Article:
My name is Orion and a sophomore in my second year at Summit Atlas.
I am proud to be one of Atlas’ founding students. My mom learned about the school from our principal, Ms. B., who was handing out flyers in our neighborhood before the school opened in 2017. Ms. B told my mom about what Atlas was going to stand for—an opportunity to have an individualized learning experience, a supportive community, and a pathway to college. After that, I attended some of the info sessions that Summit held at the King County Library – I remember they had some treats for the El Salvadorian bakery, and Ms. B was so passionate! I was sold on Summit Atlas from the beginning, before school even started.
To be honest, my first year at Atlas was kind of hard for me. I’d never been to a school with technology and discussion-based learning, and it took me a little while to get used to using Summit’s online platform. At my old school, teachers would hand out sheets and assigned tasks and say, “This needs to be done by this time.” At Atlas, we’ll talk about what we’re working on in class, and it’s a lot of group work.
My teachers really helped me adjust to this new way of learning, and now I really love it. We have “PLT blocks” which stands for personalized learning time, where we can step aside and work with a teacher or work groups if we need to. Here, our teachers help us prepare for what it’s going to be like in college, where there isn’t just one kind of way to learn.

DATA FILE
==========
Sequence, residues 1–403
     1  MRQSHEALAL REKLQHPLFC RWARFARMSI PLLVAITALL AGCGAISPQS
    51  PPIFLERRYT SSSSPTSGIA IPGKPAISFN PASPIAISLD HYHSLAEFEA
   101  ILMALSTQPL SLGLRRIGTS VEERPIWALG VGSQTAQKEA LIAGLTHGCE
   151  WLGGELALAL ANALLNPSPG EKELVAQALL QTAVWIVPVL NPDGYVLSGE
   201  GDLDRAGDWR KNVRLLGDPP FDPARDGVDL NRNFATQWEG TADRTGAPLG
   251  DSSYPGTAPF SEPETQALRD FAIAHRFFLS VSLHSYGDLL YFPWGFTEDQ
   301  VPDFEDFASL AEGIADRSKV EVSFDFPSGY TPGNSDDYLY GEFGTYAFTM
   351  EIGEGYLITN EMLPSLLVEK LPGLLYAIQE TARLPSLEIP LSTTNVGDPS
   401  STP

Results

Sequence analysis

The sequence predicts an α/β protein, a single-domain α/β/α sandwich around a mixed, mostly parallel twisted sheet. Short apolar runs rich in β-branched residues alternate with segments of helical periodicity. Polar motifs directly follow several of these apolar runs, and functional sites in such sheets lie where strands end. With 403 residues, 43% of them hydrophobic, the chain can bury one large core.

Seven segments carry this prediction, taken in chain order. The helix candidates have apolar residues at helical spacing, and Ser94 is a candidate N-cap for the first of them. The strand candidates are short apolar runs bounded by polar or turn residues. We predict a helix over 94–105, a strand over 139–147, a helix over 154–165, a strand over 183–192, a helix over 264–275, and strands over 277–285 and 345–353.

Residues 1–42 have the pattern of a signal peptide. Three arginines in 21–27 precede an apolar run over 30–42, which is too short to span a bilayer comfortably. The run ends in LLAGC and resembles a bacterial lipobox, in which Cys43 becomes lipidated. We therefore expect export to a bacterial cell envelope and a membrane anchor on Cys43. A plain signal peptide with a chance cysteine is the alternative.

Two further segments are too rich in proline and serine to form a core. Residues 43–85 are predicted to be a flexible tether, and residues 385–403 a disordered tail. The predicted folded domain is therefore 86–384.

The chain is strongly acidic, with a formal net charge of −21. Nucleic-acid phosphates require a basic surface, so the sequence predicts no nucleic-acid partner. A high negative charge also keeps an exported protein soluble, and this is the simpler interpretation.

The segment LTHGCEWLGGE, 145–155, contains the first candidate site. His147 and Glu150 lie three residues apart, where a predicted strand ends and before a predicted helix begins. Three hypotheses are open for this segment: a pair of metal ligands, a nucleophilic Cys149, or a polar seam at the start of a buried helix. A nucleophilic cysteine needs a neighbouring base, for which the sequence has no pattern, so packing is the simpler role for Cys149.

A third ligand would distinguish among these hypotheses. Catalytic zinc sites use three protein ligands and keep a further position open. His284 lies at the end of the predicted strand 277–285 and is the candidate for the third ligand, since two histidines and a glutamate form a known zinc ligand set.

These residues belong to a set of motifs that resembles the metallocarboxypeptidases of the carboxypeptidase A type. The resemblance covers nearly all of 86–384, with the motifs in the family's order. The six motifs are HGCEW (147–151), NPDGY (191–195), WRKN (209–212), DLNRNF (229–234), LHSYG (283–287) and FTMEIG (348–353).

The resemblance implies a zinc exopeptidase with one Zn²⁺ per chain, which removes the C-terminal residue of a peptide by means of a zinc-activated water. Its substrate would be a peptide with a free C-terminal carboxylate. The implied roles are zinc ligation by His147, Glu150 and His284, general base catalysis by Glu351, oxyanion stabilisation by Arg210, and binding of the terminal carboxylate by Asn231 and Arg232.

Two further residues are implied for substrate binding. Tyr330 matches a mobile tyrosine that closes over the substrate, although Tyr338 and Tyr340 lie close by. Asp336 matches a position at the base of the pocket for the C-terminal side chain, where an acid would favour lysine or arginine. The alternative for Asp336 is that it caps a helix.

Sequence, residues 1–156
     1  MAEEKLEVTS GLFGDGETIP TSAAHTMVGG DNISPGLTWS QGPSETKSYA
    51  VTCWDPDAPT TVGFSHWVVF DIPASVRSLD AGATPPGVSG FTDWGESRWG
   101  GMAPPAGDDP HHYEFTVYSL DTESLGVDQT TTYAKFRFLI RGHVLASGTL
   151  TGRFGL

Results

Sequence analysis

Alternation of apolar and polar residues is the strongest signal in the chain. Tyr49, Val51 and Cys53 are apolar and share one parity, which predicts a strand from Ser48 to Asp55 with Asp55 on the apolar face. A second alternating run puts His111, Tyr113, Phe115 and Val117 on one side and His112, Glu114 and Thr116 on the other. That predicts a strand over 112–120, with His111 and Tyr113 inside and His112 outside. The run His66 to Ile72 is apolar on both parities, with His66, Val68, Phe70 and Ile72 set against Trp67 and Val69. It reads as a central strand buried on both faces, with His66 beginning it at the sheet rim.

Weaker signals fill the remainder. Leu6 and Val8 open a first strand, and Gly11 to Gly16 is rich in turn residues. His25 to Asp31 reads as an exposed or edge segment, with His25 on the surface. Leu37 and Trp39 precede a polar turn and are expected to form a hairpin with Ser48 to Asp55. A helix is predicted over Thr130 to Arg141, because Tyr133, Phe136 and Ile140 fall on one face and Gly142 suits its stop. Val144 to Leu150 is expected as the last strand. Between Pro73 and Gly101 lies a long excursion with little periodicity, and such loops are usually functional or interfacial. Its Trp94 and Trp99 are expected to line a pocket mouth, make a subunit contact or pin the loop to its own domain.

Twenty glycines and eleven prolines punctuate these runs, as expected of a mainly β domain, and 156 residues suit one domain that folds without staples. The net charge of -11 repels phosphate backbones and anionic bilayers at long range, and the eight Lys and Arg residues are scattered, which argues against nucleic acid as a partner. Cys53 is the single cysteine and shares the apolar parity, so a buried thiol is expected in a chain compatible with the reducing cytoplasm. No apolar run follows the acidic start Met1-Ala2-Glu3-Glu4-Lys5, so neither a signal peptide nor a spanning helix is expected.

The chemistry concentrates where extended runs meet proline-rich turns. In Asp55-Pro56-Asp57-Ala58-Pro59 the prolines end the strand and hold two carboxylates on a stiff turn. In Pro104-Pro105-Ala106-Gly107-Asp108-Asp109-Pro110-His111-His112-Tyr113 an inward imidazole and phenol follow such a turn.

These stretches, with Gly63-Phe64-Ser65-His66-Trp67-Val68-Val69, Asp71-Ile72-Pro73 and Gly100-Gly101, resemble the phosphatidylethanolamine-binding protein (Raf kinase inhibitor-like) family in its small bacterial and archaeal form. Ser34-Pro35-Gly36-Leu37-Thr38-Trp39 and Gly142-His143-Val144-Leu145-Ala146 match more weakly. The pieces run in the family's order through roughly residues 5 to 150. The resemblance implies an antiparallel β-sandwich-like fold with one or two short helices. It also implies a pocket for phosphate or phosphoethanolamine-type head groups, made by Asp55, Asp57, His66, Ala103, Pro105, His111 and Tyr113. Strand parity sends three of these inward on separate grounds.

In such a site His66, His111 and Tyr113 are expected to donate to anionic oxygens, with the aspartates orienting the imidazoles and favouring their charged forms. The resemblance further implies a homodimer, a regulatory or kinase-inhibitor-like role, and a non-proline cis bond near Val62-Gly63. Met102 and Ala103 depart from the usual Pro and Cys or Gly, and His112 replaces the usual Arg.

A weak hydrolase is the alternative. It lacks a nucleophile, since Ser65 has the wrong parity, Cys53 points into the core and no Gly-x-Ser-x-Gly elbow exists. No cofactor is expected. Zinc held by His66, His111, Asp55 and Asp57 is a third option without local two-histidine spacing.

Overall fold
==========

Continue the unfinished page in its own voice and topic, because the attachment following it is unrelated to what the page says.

Time management can be a challenge for me. This year, my mentor is Mr. Wooddruff, who is also my AP Psychology and film studies teacher. He’s a very down-to-earth person, and I can confide in him. With Mr. Wooddruff’s help, I’m getting better at managing my time. We go over what I have to do, and make a plan so that I can fit everything in.
When I graduate high school, I want to go to an arts college. I am an artist and my family is full of artists. My grandpa and his siblings had a band, and my Dad is an audio engineer—the wizard behind the vocals. My mom is a preschool teacher, but she draws. I’m really inspired by anime and participated in Inktober last year. For the whole 31 days of October I made an ink drawing and posted it on social media. At Summit, my talent for art is valued. I recently designed a political art poster that is now hung up in the hallway where everyone can see it. When I talk about art, my principal and my teachers support my dreams, and I know they’ll help me find the right college for after graduation. I’m so glad that I chose a high school where I can be who I am, get help where I need it, and focus on my passion for art.